This web page was produced as an assignment for an undergraduate course at Davidson College.

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What is Gateway Cloning Tecnology?

Cloning Technology is becoming increasingly important in the field of biology, particularly genetics and molecular biology. The cloning itself, like other methods, allows for functinoal analysis of genes, protein expression, and cloning or subcloning of DNA fragments. Gateway cloning, however, provides an extremely fast and efficient route to those ends. To achieve this new and novel line of cloning, your gene of interest enters the "Gateway" and is then available for all  your cloning needs. The ease of the Gateway method is provided by the att recombination sites used in combination with enzyme clonase mixes.

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Figure 1. Overview of the Gateway method. At the top your gene of interest is inserted into the Gatway system via an entry clone. The three yellow boxes represent possible sources of your gene of interest. Once the entry clone has been formed it is available to express your gene in a variety of other vectors. Not only that, but as is indicated by the yellow arrow, the vectors may in turn form new entry clones. This ease is provided by the att recombination sites used with enzyme clonase mixes.

Why is Gateway Cloning Technology better?

Gateway improves upon other cloning methods such as the use of restriction enzymes and PCR's in several ways. Foremostly, Gateway is extremely rapid, no overnight incubations are necessary. The Gateway system incubates for a single hour before it needs to be tranferred to a medium. It is easy to get your gene of interest expressed into vector systems due to the Gateway recombination sites. The method is extremely effiecient, typically in the upper 90% range. This efficiency is due to the ccdB gene preventing the growth of phages in medium, as well as the two types of antibiotic mediums used. Finally, the Gateway cloning method in totally universal. That is, all types of DNA fragments may be cloned, whether that be PCR fragments, cDNA, or genomic DNA. Gateway is also available for several organisms, from mammals and insects to E. coli.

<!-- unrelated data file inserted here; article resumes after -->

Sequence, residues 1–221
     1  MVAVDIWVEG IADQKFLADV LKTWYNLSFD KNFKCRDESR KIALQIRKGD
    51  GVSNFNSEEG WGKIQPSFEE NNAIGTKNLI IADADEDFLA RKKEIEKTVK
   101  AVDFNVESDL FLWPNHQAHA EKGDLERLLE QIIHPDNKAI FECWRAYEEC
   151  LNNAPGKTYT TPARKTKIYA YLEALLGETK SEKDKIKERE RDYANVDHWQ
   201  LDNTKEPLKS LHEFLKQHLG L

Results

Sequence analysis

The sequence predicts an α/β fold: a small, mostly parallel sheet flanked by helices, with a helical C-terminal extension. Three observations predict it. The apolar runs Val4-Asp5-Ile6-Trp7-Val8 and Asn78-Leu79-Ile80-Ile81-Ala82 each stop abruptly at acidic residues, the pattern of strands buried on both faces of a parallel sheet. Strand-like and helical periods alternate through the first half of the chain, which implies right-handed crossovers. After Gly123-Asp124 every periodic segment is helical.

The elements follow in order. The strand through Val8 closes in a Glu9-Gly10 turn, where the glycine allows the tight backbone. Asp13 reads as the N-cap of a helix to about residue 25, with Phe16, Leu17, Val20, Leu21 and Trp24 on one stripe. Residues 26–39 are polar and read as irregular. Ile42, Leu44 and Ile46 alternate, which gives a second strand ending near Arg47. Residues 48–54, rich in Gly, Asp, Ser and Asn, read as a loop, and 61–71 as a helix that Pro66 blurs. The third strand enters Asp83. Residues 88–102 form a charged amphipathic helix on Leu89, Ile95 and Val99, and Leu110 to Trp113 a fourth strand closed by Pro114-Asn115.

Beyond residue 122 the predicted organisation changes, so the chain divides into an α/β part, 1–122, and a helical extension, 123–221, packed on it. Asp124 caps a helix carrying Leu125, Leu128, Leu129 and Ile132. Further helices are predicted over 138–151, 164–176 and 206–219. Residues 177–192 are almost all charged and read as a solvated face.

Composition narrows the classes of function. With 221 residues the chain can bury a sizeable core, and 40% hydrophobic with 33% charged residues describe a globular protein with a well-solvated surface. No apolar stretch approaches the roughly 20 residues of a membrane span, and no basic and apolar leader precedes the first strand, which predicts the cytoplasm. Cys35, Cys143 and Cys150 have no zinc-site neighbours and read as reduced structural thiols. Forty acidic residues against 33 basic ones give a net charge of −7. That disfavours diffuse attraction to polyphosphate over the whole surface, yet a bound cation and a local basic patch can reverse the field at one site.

How does it work?

The first step to Gateway cloning is inserting your gene of interest into the Gateway. That is, inserting your gene in an entry clone. An entry clone is a plasmid containing your gene of interest and flanked by Gateway attL recombination sites. There are four ways to obtain this clone. The first is the standard restriction enzymes and ligases. However, the entry vector used in this clone will be a Gateway vector with the attL sites in it. The second way is to create a PCR product with terminal attB sties, using primers containing a 25-base pair attB sequence, plus four terminal G's. This product will then be inserted in the entry clone using the BP method to be discussed later. The other two possiblities for forming an entry clone are entry clone with a cDNA library, or an expression clone containing your gene of interest.

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Figure 2. The four possiblities of creating an entry clone. Clockwise from upper left: restriction enzymes and ligases used with gene of interest, cDNA library, expression clone, and PCR product.